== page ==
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Wristcutters: A Love Story

Wristcutters: A Love Story

Review by Jack Foley

IndieLondon Rating: 4 out of 5

DVD SPECIAL FEATURES: Making Wristcutters Featurette; Director’s Commentary; Storyboard Comparisons; Deleted Scenes; Trailer.

THE afterlife for suicide victims is “just like it was before, only a little worse”, according to Goran Dukic’s wonderfully surreal comedy Wristcutters: A Love Story.

But for those lucky enough to find this indie gem (a past audience favourite at festivals like Sundance), the storu that unfolds offers a rich, quirky, even life-affirming experience.

The film picks up as Zia (Patrick Fugit) finds himself in the afterlife after slitting his wrists in despair over the recent break-up of a relationship.

Once there, he hooks up with former Russian rock star Eugene (Shea Whigham) who offed himself mid-concert by pouring beer all over his electric guitar. Eugene, however, has managed to reunite with his family, all of whom took their own lives.

When Zia hears that his ex-girlfriend has also committed suicide, he heads off to find her with Eugene in tow and a quirky road trip ensues during which they pick up beautiful hitchhiker Mikal (Shannyn Sossamon), who claims she has found the afterlife by mistake, and encounter several colourful characters (including Tom Waits’ grizzled miracle worker).

Based on the short story Kneller’s Happy Campers by Etgar Keret and co-written by Dukic, the film effortlessly rises above its potentially depressing premise to provide film fans with a genuinely inventive ride. Characters are richly drawn and more than a little quirky (no one is able to smile) but it’s easy to warm to their heartache and turmoil.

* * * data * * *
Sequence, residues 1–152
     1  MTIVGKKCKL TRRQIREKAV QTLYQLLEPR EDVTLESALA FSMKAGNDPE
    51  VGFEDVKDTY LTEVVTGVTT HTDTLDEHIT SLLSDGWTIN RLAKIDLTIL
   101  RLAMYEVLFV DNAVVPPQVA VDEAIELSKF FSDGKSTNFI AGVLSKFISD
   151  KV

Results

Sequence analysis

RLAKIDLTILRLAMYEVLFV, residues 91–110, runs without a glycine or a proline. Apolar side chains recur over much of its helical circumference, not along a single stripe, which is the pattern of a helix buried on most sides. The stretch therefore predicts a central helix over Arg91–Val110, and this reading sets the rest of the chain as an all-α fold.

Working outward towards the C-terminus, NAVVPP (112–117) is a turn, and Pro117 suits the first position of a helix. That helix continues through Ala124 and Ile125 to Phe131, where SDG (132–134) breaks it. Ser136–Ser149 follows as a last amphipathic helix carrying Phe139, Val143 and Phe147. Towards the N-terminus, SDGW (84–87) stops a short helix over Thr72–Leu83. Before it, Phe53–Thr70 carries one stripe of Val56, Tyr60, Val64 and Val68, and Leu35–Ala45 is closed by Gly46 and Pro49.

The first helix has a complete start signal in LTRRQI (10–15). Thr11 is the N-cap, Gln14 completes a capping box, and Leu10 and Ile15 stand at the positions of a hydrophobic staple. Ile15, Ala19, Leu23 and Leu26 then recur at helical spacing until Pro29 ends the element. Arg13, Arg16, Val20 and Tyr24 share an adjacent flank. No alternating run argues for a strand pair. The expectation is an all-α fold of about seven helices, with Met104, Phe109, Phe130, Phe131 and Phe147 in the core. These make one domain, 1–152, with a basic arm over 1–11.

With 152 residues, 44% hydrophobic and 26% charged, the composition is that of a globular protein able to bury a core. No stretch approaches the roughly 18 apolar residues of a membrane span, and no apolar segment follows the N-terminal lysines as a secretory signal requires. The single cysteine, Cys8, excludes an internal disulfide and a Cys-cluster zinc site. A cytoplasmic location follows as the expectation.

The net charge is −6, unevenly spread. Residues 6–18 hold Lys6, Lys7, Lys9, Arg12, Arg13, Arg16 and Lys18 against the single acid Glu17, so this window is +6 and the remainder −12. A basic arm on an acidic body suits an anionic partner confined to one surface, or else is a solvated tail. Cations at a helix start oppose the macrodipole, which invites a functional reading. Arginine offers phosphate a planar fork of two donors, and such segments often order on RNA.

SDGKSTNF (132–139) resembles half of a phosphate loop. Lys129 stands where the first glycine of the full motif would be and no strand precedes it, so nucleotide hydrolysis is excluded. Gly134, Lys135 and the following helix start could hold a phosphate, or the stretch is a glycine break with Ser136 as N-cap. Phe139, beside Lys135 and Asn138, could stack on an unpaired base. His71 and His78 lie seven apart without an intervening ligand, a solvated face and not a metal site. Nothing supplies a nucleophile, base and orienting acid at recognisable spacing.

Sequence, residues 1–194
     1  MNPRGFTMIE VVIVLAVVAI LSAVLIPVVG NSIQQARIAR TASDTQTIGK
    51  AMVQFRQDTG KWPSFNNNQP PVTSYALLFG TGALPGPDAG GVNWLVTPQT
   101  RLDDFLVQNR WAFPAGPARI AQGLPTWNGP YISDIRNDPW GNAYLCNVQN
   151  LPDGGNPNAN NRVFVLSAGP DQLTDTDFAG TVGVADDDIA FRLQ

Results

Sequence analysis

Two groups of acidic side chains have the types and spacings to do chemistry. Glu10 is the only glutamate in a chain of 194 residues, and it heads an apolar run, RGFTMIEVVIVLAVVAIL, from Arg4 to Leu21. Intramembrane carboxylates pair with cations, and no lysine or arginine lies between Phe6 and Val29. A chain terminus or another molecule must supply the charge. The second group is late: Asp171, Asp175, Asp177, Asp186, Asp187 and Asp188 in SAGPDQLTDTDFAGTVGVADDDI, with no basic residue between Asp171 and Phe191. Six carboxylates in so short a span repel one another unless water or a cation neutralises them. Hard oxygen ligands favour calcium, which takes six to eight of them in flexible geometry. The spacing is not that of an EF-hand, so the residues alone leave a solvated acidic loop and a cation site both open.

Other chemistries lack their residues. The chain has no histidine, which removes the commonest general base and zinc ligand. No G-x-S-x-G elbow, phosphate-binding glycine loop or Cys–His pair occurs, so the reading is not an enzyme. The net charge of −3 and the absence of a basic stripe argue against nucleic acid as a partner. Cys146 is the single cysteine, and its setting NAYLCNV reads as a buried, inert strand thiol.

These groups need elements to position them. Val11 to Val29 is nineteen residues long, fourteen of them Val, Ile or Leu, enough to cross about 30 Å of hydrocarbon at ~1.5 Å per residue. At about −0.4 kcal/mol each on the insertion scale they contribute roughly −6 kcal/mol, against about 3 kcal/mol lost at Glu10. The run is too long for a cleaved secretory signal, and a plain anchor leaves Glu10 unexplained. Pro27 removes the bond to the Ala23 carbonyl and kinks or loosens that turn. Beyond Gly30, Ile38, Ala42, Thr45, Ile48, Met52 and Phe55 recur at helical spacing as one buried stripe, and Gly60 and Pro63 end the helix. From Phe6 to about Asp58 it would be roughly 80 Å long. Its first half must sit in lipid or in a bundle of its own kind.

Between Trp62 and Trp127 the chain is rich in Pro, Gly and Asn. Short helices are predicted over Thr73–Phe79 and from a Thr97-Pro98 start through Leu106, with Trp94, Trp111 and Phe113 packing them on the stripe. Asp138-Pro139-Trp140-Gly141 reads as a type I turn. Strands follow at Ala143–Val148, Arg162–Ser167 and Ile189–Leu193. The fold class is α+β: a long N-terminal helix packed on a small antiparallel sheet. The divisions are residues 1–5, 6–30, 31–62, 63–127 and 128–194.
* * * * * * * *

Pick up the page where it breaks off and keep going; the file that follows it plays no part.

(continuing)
Fugit, in particular, makes an appealing romantic lead (of sorts), especially when struggling to reconcile his feelings for his ex-love after falling for Mikal en-route, while Whigham is effortlessly charismatic as the temperamental Eugene (a character supposedly based on Gogol Bordello’s Eugene Hutz). Sossamon offers an alluring presence as Mikal and Waits enjoys some wonderful moments as the afterlife veteran who could hold an unlikely key to salvation.

Just occasionally, the budget constraints are cruelly exposed (especially during scenes involving a black hole in Eugene’s car) but audiences should be too invested in this surreal world to notice – and there are plenty of nice touches to help ensure that the ride never becomes dull (whether it’s taking note of the limited selections on a jukebox or dwelling on some of the curious observations of its inhabitants).

And with a final scene that’s guaranteed to melt the heart, Wristcutters really does finish with a flourish that leaves you feeling surprisingly upbeat.

Certificate: 15
Running time: 84mins
UK DVD Release: May 26, 2008